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Environmental Research Center v. Technical Laboratories

October 24, 2011

ENVIRONMENTAL RESEARCH CENTER,
PLAINTIFF,
v.
TECHNICAL LABORATORIES, INC., DEFENDANT.



The opinion of the court was delivered by: Hon. Jeffrey T. Miller United States District Judge

ORDER GRANTING MOTION TO DISMISS FOR LACK OF PERSONAL JURISDICTION

Defendant Technical Laboratories, Inc. ("Technical") moves to dismiss the complaint for lack of personal jurisdiction or, alternatively, to dismiss for failure to state a claim and to strike the prayer for punitive damages. Plaintiff Environmental Research Center ("ERC") opposes all motions. Pursuant to Local Rule 7.1(d)(1), this matter is appropriate for decision without oral argument. For the reasons set forth below, the court grants the motion to dismiss for lack of personal jurisdiction and denies as moot all other pending motions. The Clerk of Court is instructed to close the file.

BACKGROUND

On September 12, 2011Technical, incorporated under the laws of the State of Tennessee, with its principal place of business in Tennessee, removed this action, based upon diversity jurisdiction, from the Superior Court of the State of California, County of San Diego. (Notice of Removal ¶¶6-9). ERC is a non-profit corporation incorporated in the State of California with its principal place of business in California. Technical moves, pursuant to Fed.R.Civ.P. 12(b)(2), to dismiss the complaint for lack of personal jurisdiction or, alternatively, to dismiss the second and third causes of action for fraud and negligent misrepresentation, respectively, and to strike the prayer for punitive damages.

Th First Amended Complaint ("FAC"), filed on August 10, 2011, alleges six claims for (1) breach of contract; (2) fraud; (3) negligent misrepresentation; (4) breach of the covenant of good faith and fair dealing; (5) general negligence; and (6) professional negligence. (FAC at p.1). In broad brush, ERC's claims arise out of the contractual relationship between the parties. On March 17, 2010, the parties entered into an oral contract whereby Technical would provide laboratory testing services of ingestible products ("Products") provided by ERC in exchange for certain fees. The majority of laboratory tests were conducted for the purpose of determining the amount of lead or arsenic in the Products. ERC is in the business of using the results provided by Technical "to determine if any amounts of the Chemicals found in the Products were at levels above those allowed under California's Proposition 65." (FAC ¶9). In the event the Products were determined to be not in compliance with Proposition 65, ERC would then facilitate the bringing of a legal action pursuant to Proposition 65. In reliance upon the laboratory testing, ERC hired staff, leased or purchased office space, retained legal counsel, and served Notices of Violation against companies determined to be in violation of Proposition 65. (FAC ¶12).

The parties allegedly continued their contractual arrangement from March 17, 2010 through about June 23, 2010. (FAC ¶11). On July 9, 2010 ERC first learned that there could be a problem with Technical's test results. ERC made inquiry and received further assurances of confidence in the laboratory results from Technical. ERC conducted further testing of the Products by other laboratories and discovered that Technical "breached the contract because [the] test results on a large number of the Products were inaccurate, faulty, and unreliable." (FAC ¶13).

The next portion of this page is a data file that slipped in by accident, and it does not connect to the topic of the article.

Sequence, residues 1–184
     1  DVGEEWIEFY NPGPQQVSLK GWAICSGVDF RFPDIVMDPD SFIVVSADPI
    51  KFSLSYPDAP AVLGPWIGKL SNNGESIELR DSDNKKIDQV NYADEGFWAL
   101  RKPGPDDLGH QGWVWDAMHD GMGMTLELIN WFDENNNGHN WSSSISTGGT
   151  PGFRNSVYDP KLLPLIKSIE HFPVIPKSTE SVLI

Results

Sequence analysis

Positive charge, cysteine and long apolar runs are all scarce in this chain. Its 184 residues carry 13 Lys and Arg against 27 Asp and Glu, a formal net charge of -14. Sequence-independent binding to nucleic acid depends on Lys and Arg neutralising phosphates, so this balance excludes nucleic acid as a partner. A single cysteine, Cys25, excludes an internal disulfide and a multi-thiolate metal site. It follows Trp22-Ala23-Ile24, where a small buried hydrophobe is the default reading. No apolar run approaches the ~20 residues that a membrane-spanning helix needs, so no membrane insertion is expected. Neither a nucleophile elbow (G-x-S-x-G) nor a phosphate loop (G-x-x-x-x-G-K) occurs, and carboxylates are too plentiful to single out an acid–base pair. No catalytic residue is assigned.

ERC alleges that it has been damaged in the amount of $1,250,000 and seeks punitive and exemplary damages related to the fraud cause of action.

DISCUSSION

Personal Jurisdiction

Pursuant to Rule 12(b)(2), a court may dismiss a suit for "lack of jurisdiction over the person." Fed.R.Civ.P. 12(b)(2). The court may "exercise personal jurisdiction over a non-resident if jurisdiction is proper under California's long-arm statute and if that exercise accords with federal constitutional due process principles." Fireman's Fund Ins. Co. v. National Bank of Cooperatives, 103 F.3d 888, 893 (9th Cir. 1996). As the Ninth Circuit has explained:

California's long-arm statute authorizes the court to exercise personal jurisdiction over a non-resident defendant on any basis not inconsistent with the California or federal Constitution. Cal.Code Civ. Proc. § 410.10. The statutory and constitutional requirements therefore merge into a single due process test.

Id. at 893. "Due process requires only that . . . [the defendant] have certain minimum contacts with [the forum state] such that the maintenance of the suit does not offend 'traditional notions of fair play and substantial justice.'" International Shoe Co. v. Washington, 326 U.S. 310, 316 (1945). Where the court does not conduct an evidentiary hearing, a plaintiff need only establish a prima facie case of personal jurisdiction. Sher v. Johnson, 911 F.2d 1357, 1361 (9th Cir. 1990).

On a motion to dismiss for lack of personal jurisdiction, the party seeking to invoke the court's jurisdiction bears the burden of establishing contacts by the non-resident defendant sufficient to establish personal jurisdiction. WNS, Inc. v. Farrow, 884 F.2d 200, 203 (9th Cir. 1989).

[O]n a motion to dismiss for lack of jurisdiction, uncontroverted allegations in the plaintiff's complaint must be taken as true, and conflicts between the facts contained in the parties' affidavits must be resolved in the plaintiff's favor for purposes of ...


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